Acting Secretary General Seiko Noda announced her emergency candidacy as the fourth candidate for the presidency of the Liberal Democratic Party (LDP) on the day before the announcement date, starting the most heated race in the history of the LDP presidential election.
First contact in 10 years. The telephone offensive has begun.
“How are you? I’m doing well. I look forward to hearing from you.
“Are you busy now? Let’s have a nice dinner when you’re done. I’ll see you later.
“I know you’re going through a lot, but I’m counting on you.
The cell phone of a Liberal Democratic Party member rang. Sometimes the caller is displayed, other times an unknown number is displayed. When I pick up the phone, I hear a rather high-pitched, rapid-fire voice. The caller is Shinzo Abe.
The caller is former Prime Minister Shinzo Abe.
The calls from the former prime minister, known as “Abe Phone” among LDP lawmakers, have become more intense with each passing day since Sanae Takaichi, former Minister of Internal Affairs and Communications, officially ran for the presidency.
“To be precise, from the moment Kishida slipped up in a TV appearance and said he was going to ‘re-examine the Morikake issue,’ Abe started calling all sorts of people. It’s about retaining Takaichi. With the general election coming up, Abe’s children want to prioritize the ‘face of the election’ at all costs. On the other hand, Abe doesn’t want Kono, Ishiba or Noda to become prime minister. At the very least, it should have been Kishida, but that idea was put on hold. That’s how angry he was,” said a former LDP cabinet minister.
In his home prefecture of Yamaguchi, one prefectural assemblyman said, “I got a phone call for the first time in 10 years. The momentum of Abe’s phone is tremendous.
Young and middle-ranking Diet members shrink from direct calls
It is said that Abe’s phone has now become like an incantation for the younger members of the party to “bind themselves to Takaichi.
In the eyes of the public, Abe is a “former prime minister who is finished,” but he retains his power within the party. Young and middle-ranking lawmakers have shrunk and are unable to express their support for Kono outwardly. However, Takaichi cannot win the election; his head will be on the line in the general election in a month.
The young lawmakers are being forced to make a “choice” between prioritizing organization and self-preservation in accordance with their faction and party leaders, or sticking to their pride as politicians. It seems that Abe, who has been in power for a historically long period of time, is not yet a wastrel.
Since the weekend after the announcement of the presidential election, the Takaichi supporters have been posting online ballots with the name “Takaichi Sanae” written all over them. This is a propaganda campaign aimed at LDP party members. In this way, the Abe/Takaichi coalition is deploying information tactics that seem to demonstrate its overwhelming organizational power against the backdrop of the LDP’s core supporters.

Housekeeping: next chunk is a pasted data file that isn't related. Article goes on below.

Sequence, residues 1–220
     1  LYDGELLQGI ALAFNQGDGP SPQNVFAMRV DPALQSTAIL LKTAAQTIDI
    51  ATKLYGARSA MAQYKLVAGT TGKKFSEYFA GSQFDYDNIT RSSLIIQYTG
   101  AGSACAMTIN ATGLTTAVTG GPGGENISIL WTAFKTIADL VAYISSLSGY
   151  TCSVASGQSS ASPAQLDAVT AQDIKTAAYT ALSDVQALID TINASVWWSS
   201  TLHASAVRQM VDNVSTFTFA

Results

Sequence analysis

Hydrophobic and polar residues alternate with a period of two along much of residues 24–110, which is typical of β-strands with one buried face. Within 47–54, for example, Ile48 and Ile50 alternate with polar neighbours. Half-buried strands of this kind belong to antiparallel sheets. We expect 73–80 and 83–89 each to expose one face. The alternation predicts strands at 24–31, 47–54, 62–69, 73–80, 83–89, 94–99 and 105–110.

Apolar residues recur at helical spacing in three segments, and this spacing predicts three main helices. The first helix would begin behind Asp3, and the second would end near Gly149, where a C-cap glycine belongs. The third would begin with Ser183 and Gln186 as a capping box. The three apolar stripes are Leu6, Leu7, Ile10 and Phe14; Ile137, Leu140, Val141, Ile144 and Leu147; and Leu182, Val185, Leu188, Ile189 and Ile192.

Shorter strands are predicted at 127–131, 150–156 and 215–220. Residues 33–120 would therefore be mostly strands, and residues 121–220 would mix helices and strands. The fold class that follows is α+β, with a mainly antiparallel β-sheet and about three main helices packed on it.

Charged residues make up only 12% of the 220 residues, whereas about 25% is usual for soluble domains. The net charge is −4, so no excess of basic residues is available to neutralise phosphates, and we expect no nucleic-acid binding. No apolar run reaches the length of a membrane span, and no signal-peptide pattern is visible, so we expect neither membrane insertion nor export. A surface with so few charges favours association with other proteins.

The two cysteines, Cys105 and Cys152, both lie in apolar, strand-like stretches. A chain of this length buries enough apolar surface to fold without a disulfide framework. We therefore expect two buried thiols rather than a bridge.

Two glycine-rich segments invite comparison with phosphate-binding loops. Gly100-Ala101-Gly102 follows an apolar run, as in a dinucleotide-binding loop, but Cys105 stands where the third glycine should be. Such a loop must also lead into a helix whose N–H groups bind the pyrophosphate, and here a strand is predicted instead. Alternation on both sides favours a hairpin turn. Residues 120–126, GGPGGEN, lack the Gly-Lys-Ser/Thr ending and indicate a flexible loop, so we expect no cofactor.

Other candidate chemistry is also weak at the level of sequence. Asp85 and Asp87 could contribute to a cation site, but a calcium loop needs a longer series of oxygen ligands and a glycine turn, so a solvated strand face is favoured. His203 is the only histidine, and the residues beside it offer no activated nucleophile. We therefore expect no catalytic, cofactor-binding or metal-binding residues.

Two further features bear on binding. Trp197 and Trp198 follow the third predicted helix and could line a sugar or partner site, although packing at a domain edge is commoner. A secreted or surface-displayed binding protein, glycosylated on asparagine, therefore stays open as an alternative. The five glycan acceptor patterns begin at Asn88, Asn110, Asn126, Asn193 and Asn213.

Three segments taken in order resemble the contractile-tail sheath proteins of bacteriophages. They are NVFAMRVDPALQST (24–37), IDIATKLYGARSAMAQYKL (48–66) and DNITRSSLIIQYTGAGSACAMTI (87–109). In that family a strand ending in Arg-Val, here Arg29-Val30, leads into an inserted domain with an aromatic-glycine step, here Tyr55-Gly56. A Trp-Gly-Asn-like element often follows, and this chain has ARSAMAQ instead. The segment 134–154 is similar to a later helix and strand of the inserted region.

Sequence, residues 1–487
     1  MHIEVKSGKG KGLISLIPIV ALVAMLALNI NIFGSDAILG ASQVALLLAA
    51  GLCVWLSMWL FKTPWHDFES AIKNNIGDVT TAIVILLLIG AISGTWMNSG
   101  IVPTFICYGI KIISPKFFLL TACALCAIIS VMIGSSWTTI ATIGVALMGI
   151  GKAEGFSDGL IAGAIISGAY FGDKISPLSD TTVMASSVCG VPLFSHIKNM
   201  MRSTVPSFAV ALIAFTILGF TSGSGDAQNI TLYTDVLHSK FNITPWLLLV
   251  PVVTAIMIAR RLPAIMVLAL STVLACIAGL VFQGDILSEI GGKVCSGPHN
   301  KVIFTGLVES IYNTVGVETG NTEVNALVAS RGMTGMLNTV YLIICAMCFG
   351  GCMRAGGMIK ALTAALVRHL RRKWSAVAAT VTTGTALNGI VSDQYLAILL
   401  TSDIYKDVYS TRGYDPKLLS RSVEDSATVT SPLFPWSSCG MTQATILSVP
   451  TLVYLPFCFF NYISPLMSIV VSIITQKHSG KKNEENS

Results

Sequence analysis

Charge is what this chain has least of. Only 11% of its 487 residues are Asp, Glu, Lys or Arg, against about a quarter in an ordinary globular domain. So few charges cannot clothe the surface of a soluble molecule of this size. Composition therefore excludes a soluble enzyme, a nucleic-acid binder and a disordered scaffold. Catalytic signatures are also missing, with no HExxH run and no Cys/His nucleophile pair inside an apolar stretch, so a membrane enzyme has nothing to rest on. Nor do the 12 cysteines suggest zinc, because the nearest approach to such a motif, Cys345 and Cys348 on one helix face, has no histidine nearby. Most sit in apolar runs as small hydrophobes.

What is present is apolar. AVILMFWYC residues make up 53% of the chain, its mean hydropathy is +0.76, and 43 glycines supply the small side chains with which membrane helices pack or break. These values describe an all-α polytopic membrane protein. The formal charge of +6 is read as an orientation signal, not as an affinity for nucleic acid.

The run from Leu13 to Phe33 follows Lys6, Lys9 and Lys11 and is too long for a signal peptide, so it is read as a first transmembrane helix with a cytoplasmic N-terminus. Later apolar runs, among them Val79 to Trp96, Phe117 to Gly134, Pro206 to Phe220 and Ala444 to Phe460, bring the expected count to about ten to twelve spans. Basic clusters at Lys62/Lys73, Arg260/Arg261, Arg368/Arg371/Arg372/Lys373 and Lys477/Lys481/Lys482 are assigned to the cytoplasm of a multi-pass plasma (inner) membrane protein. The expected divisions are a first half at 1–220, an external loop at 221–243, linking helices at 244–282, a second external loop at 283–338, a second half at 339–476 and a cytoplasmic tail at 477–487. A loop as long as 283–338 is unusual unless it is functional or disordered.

“In the first round of voting, most expect Kono to win outright. The biggest focus will be on the second place. Will it be Kishida or Takaichi who is gaining ground? Koichi, who was initially considered to be a “bubble” candidate, is in a surprisingly strong pursuit.
The reason for this?
“The reason for this is that the bereaved families’ association, the energy industry, a part of the medical association, and various religious groups are likely to come out in support of Takaichi. The reason for this is that the bereaved family association, the energy industry, some doctors, and various religious groups are likely to support Takaichi. 11 The other factions have at most two chapters. Other factions have only two to five branch representatives at most, but you can see that the Hosoda faction has a tremendous influence.
This is the full support of the “old guard” of the LDP supporters and the largest faction. The power of Abe Phone is not small.
Kono, on the other hand, is eager to gain more votes in an attempt to escape. The situation for Fumio Kishida, who got off to a rocketing start, has become more difficult, and in the debate organized by the Japan Press Club with all four candidates, Noda was the most relaxed and straightforward in his speech. But he is unlikely to advance to a runoff election.
“This is a presidential election run by a former prime minister who left office due to suspicions and ill health. You can see how old-fashioned this party is.
A LDP official muttered in resignation. Will the “common sense” of the LDP members prevail or will “tradition” prevail? ……
Reporting and writing by： Shutaro Iwashiro